Ideologies of Risk and Regulation

Dr Charles Dannreuther
Institute for Politics and International Studies, University of Leeds

Date: 18 June 2002
Time: 1:00pm - 2:30pm
: CARR Seminar Room, H615


Risks, and the regulatory mechanisms required to manage them, have become defining characteristics of contemporary governance. Closely associated with these politics has been the rise of Third Way politics with its rejection of the traditional distinctions of left and right. But despite the significant electoral successes of Third Way politics over the last five years, it may be that the rejection of ideology as an organising principle has been premature. The consensus politics of Globalisation has been under the strain of international events, government has appeared aloof and ineffective and, while business enjoys good access to political decision making, labour looks better represented by the extreme right than the left.

This paper examines the relationship between risk, regulation and ideology in two parts. In the first part it examines how ideologies can be seen in the relationship between risk and regulation. The discussion of the relationship between risks and regulation investigates the interaction between governed and governors in regulatory politics and the role that risk plays in maintaining that relationship. Risks have always been present in political and economic governance and so have been informed by political ideologies as much as any other policy. Ideologies have therefore been important in legitimating power relationships between regulators and risk bearers. Once the nature of the relationship has been outlined, the link between the regulators and the subjects that they define through their regulations can be explored further. For example, what assumptions do regulators assume inform the behaviour of a bearer of risk, and to what degree does this impart a particular identity onto those being regulated? To what degree does the process of risk identification reflect and sustain the authority of the regulators? It is suggested that the relationship between risks and regulation is mutually constitutive, an assertion discussed in relation to a brief review of literature on regulatory regimes. These relationships can be understood as ideologies and seen in relation to a range of ideological positions (e.g. relating to nationalism, liberalism, science).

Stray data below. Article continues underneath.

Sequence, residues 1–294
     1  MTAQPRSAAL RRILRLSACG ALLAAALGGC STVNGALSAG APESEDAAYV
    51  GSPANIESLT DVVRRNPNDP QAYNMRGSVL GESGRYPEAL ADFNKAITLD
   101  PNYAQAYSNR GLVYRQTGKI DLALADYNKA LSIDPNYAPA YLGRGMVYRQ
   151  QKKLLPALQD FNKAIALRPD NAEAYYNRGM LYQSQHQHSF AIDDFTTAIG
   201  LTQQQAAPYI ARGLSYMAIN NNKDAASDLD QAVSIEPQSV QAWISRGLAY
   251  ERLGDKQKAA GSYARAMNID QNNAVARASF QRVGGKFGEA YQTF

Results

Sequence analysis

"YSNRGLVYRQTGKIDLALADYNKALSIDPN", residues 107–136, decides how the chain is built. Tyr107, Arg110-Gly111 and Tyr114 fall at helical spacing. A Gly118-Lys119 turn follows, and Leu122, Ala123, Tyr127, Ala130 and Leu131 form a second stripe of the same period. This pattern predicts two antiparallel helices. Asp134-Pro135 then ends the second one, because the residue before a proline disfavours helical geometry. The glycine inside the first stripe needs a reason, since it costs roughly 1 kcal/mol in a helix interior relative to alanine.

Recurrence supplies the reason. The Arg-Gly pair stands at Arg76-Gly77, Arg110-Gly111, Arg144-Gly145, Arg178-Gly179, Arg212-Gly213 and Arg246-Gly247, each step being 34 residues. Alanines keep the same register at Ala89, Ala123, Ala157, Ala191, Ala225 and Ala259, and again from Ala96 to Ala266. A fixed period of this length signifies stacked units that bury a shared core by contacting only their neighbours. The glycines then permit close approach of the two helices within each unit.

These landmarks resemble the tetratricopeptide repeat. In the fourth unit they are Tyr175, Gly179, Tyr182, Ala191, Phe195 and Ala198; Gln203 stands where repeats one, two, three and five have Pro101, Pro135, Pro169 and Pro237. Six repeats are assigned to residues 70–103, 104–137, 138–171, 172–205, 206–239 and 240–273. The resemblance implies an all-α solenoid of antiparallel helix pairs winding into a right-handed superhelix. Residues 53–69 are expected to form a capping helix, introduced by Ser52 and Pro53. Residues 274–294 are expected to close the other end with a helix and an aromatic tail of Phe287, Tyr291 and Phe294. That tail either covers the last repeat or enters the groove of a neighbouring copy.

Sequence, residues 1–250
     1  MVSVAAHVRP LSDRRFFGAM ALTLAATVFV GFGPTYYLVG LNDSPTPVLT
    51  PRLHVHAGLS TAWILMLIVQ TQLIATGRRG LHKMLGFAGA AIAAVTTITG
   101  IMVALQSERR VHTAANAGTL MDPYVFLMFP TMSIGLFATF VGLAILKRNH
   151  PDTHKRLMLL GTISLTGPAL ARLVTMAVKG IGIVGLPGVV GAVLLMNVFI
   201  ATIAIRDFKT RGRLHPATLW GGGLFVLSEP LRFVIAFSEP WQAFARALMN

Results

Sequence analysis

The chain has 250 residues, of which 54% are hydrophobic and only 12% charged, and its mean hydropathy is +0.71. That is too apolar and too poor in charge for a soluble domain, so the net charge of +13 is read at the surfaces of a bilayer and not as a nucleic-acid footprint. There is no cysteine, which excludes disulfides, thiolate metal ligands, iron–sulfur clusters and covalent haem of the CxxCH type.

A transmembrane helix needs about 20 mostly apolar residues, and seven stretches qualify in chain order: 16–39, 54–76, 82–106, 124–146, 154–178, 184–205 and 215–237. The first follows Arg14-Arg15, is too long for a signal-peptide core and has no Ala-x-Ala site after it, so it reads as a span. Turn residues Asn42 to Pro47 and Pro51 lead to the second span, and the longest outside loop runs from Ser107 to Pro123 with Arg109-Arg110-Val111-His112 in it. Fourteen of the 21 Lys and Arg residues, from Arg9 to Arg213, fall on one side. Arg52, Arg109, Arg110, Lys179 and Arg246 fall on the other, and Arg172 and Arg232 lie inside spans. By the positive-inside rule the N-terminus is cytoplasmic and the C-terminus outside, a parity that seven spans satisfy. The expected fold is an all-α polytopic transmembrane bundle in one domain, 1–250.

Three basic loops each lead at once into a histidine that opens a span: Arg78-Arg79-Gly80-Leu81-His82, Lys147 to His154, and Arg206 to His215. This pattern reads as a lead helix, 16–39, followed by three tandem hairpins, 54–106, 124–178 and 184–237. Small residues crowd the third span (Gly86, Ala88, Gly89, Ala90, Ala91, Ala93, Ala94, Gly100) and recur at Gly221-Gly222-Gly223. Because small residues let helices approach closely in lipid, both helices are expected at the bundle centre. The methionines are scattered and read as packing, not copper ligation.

The second part of the paper asks when do the norms relating risks to regulation become ideological? Norms take on an ideological form when they place a premium on one way of looking at the world over another. This assertion is investigated through the representation of risk. The implication of representing a risk in a particular way is that it justifies particular forms of action and empowers new levels of governance over others. Thus the management of risks associated with globalisation has focused on an individualistic representation of agency which has led to a focus on regulation. Those who challenge notions of Globalisation, or the individualised reality that it supports, may argue for a regulatory response from a national level. The representation of risk is therefore a political decision before it becomes policy. Once regulatory decisions are made risks that are regulated at a regional or global level impose constraints on states and societies by disciplining political action and defining opportunities and alternatives. In a similar way, representing risks as either too complex or too sensitive for popular scrutiny leads to the "de-politicisation" of regulation and accusations of technocratic governance.

The paper concludes by discussing how other forms of representation may offer alternative ideologies to the politics of regulation.